Chart c shows that one reason why the 1998 equity market recovery may have taken place is because of a sharp fall in short term interest rates. Twelve months after the 1999 event, interest rates were about the same level as at the start. Since May this year, there has been a rise in UK bank rate but it is still lower than in the 2 previous episodes of market turbulence examined here. Chart d shows that bond yields are also lower now than they were in 1998 or 1999; these two indicators suggest that the equity market decline may well be short-lived. Interestingly, corporate bond yield spreads, one of the key drivers of the transmission of any shock from the credit market crisis to the company sector and hence the real economy, at the moment are still below those in the other two market events. One reason why the UK central bank will not cut interest rates unless there is a full blown crisis, is shown in chart f, which highlights the fact that UK price inflation, although just below the 2% target at 1.9% in July, is not as low as it was in 1998 or 1999. Chart g shows that industrial production did fall in 1998 and 1999 but that may have been because spreads were wider than they are at present and short term interest rates were higher. The current rate of industrial production is mid way between the 1998 and 1999 outcomes and barely rising by 0.5% pa, but the risk is that growth weakens from now on as it did then, before the next 12 months are over. Finally, what of retail sales? Chart h shows that sales do not really respond as much as many would have thought to equity market turbulence. Currently, sales are robust, though the 1.25% rise in base rates since August 2006 has yet to fully impact and so will likely weaken, perhaps sharply, over the coming 12 months. Whether that will be more to do with the rise in interest rates than the credit market crisis remains to be seen.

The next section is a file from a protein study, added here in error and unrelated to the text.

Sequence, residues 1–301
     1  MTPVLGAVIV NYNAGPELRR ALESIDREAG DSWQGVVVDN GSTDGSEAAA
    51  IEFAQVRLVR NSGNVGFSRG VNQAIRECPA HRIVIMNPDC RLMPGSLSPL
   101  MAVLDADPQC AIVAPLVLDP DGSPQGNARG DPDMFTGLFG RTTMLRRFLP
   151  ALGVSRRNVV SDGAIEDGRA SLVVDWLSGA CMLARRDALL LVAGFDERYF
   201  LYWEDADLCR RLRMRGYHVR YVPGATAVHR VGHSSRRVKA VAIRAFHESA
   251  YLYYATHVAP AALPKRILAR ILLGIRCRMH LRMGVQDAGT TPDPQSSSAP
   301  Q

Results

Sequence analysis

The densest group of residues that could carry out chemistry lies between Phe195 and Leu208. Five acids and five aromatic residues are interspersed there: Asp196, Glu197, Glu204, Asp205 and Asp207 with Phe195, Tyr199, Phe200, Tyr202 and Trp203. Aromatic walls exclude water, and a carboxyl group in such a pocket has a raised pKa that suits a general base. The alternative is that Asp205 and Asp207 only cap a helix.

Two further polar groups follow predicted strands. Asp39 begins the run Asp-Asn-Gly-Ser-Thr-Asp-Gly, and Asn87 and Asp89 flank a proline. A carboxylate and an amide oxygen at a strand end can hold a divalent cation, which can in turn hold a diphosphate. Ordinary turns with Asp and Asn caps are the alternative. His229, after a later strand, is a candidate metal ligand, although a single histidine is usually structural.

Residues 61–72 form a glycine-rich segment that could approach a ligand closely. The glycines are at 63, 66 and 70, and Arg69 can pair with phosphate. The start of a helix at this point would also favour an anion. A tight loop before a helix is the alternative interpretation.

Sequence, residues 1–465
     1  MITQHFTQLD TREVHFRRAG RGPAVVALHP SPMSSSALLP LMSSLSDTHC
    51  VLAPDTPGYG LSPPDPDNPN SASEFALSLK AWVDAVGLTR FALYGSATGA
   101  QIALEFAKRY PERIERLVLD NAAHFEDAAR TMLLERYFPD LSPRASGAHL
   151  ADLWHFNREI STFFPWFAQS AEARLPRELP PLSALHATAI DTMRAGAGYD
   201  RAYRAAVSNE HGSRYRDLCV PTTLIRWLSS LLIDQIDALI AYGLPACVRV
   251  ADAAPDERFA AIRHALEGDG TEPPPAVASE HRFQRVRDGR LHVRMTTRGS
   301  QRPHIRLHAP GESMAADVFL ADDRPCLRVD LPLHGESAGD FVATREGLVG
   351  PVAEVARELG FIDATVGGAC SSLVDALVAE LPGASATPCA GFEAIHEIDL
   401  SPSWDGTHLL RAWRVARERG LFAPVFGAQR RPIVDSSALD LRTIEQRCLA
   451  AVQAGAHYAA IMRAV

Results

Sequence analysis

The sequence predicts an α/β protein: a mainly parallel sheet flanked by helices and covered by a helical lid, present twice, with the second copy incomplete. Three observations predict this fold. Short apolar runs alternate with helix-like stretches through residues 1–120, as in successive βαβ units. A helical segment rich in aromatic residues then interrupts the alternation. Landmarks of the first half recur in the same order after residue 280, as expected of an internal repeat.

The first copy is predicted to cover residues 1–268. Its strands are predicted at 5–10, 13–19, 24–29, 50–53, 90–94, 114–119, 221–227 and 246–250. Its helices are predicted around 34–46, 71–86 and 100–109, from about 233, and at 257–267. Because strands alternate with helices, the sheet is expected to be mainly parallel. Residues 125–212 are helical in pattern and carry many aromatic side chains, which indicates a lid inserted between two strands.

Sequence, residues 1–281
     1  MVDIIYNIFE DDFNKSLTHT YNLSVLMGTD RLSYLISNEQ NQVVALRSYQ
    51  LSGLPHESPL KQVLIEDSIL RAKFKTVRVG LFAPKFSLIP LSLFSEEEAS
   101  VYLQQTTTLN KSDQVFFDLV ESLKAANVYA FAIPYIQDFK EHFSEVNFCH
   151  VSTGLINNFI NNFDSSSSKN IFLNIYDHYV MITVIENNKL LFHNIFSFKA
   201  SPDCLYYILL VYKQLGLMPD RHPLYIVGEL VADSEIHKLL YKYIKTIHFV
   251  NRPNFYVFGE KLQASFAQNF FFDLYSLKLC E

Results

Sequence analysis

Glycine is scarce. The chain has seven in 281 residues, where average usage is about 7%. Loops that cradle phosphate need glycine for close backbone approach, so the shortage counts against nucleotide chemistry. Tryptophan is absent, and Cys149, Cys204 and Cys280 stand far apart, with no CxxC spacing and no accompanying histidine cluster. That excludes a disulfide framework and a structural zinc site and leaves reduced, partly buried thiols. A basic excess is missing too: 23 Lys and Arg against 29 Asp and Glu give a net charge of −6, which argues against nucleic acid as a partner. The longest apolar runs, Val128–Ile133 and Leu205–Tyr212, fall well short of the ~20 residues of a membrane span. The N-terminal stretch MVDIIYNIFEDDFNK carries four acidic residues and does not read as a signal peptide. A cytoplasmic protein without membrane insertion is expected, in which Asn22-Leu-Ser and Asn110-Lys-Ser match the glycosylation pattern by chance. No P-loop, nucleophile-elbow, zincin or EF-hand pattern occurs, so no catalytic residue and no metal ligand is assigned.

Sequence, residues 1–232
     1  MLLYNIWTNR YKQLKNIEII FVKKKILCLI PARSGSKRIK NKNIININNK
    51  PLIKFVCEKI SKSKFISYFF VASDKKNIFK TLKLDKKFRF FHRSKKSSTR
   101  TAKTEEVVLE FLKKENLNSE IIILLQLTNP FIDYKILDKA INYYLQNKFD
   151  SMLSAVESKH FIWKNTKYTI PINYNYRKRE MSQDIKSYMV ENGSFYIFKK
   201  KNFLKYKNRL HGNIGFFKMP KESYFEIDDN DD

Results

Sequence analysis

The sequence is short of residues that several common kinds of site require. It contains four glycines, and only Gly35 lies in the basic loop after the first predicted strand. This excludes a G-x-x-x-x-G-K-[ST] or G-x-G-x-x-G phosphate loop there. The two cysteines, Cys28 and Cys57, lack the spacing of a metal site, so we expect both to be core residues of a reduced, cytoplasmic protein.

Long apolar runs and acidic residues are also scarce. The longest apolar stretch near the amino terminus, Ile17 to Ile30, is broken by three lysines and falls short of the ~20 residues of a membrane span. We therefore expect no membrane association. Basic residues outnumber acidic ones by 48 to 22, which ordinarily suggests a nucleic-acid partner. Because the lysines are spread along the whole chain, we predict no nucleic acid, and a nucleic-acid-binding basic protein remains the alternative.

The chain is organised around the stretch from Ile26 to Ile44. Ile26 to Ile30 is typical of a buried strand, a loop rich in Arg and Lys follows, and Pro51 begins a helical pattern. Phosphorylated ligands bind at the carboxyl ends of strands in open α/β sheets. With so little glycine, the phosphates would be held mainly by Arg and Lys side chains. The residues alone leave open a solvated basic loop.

There may be little or no impact on the UK economy

Our analysis implies that the current credit market crisis is not as damaging for the UK economy or for the corporate sector as many suppose. However, the global credit market crisis might yet lead to a cut in interest rates, an economic recession, weaker stock markets and a sharp rise in company defaults, but that is not what our analysis suggests it means for the UK. Globally, this implies the US Fed keeps its benchmark interest rate on hold, the ECB hikes in September but the UK leaves base rates on hold at 5.75%.

 

Trevor Williams, Chief Economist

 

Weekly economic data preview

 

Key central bank speakers to give guide on official interest rates

 

We expect data this week to highlight that the global economy remains robust and the impact of the recent financial market volatility has been limited, so far. This should also be the main message from key speakers this week, including Fed chairman Bernanke on Friday and ECB president Trichet on Monday.